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Harlequin syndrome: does a cranial autonomic neuropathy influence headache?
  1. Peter Drummond1,
  2. James W Lance2
  1. 1School of Psychology, Murdoch University, Perth, Western Australia, Australia
  2. 2Institute of Neurological Sciences, Prince of Wales Hospital, Sydney, New South Wales, Australia
  1. Correspondence to Professor James W Lance, Institute of Neurological Sciences, Prince of Wales Hospital, 2031 Sydney, New South Wales, Australia; jimlance{at}bigpond.com

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The paper by Viana et al1 analyses the relationship between Harlequin syndrome2 and headache. One facet of this interesting syndrome is the demonstration of pupillary signs by pharmacological studies explicable by the sudden onset of parasympathetic and sympathetic deficit, implicating an autonomic neuropathy mediated by an autoimmune process or viral infection.3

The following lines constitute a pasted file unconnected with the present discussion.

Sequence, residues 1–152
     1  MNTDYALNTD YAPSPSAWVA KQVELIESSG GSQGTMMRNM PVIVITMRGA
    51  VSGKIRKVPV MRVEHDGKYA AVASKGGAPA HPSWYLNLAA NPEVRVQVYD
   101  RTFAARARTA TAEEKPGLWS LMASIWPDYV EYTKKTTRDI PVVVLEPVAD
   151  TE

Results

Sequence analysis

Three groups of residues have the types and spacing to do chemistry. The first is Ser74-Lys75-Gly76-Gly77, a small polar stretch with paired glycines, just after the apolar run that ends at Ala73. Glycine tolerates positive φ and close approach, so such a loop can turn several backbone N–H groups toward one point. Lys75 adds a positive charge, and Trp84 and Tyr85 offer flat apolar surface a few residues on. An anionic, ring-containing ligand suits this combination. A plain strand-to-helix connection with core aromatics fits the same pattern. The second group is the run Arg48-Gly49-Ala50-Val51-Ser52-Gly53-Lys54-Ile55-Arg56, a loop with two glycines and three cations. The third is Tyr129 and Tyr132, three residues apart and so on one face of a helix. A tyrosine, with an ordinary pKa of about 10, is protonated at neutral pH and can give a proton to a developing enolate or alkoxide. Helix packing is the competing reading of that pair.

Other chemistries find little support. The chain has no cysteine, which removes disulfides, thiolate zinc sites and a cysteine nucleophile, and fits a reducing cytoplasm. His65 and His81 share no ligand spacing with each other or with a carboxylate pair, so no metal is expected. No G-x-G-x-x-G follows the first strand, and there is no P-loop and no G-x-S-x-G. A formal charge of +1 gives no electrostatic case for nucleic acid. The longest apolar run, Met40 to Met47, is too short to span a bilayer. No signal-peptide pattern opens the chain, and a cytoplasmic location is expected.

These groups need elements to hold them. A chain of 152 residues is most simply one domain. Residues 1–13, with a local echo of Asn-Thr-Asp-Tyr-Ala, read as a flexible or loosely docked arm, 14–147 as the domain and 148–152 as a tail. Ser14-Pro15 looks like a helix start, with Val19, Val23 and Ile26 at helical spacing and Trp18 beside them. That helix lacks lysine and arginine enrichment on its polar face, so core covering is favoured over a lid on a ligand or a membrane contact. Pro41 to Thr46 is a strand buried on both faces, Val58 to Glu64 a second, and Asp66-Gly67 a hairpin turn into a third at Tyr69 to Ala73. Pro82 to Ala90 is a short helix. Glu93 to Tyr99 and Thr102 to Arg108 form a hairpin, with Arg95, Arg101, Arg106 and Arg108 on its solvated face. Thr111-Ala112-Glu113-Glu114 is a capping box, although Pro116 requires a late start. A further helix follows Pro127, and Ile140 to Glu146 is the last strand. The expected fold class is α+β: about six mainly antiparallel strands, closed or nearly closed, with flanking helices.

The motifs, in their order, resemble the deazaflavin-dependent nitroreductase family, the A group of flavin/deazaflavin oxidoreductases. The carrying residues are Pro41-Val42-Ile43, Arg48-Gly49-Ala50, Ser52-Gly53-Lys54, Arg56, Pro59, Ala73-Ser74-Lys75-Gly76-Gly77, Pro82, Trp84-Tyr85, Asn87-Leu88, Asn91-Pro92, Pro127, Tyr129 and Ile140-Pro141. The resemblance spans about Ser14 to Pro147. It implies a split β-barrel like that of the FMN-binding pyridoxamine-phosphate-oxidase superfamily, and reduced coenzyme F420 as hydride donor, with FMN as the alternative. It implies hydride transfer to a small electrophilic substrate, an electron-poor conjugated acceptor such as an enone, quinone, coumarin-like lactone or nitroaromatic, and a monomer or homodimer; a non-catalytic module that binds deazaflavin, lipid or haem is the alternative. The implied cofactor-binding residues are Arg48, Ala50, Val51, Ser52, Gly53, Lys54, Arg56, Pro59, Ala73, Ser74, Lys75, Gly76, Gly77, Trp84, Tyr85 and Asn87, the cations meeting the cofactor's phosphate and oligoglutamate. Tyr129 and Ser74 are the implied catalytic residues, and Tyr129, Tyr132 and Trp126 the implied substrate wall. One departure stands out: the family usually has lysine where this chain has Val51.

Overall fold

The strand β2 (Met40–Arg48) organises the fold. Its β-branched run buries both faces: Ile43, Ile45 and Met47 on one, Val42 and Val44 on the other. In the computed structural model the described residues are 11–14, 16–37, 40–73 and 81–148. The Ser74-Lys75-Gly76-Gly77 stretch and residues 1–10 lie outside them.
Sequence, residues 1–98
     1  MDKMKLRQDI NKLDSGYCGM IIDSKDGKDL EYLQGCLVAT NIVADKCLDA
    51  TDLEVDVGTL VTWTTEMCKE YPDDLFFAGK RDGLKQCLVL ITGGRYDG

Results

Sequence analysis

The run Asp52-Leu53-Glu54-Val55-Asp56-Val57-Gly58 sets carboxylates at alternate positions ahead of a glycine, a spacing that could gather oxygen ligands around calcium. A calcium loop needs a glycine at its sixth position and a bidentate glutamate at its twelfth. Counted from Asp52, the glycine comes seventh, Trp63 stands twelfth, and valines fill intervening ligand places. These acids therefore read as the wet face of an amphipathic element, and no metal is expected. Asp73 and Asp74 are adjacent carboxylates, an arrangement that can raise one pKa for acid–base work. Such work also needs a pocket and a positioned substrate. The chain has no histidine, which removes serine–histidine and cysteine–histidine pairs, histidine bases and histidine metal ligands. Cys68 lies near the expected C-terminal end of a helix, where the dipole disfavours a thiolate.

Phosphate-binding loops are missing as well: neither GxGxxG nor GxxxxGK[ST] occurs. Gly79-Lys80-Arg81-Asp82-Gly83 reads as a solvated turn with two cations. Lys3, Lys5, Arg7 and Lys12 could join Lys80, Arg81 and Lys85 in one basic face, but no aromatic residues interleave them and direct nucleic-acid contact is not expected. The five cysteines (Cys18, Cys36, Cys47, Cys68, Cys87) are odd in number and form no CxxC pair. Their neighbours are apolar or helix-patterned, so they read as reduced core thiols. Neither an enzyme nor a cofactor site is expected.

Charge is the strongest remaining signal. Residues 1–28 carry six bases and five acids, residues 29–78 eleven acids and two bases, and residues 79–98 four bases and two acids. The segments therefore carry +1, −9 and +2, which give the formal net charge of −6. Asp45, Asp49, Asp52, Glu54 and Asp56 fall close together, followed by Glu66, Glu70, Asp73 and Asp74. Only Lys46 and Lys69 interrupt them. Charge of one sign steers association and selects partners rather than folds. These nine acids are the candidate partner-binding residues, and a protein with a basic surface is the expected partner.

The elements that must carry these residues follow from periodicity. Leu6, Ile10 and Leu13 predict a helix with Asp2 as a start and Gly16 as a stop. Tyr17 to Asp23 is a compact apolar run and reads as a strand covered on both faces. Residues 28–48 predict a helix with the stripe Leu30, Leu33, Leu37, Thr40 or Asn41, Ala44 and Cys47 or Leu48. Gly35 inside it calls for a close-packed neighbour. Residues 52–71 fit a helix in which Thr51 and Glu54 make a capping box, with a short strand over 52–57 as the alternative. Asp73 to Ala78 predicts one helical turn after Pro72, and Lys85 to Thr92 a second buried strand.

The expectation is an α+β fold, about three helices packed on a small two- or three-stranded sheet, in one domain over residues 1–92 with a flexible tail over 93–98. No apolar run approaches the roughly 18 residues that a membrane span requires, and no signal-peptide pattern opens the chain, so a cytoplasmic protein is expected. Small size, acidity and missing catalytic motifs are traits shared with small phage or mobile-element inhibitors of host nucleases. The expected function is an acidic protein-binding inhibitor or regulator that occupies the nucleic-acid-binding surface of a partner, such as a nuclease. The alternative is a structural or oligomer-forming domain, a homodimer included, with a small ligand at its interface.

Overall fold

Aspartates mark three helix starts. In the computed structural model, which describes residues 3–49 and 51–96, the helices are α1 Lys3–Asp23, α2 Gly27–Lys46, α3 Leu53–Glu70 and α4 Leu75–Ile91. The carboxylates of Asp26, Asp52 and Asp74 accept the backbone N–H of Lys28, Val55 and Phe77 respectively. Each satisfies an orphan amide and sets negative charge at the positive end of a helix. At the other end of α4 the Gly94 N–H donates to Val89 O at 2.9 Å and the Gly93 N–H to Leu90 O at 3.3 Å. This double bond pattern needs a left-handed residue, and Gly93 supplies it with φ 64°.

Sympathetic innervation of human cerebral and extracranial circulation is well documented. Parasympathetic innervation of cranial arteries has been established in rat, cat and monkey, but information on humans is meagre. Stimulation of the pre- or post-ganglionic fibres of the sphenopalatine ganglion in animals …

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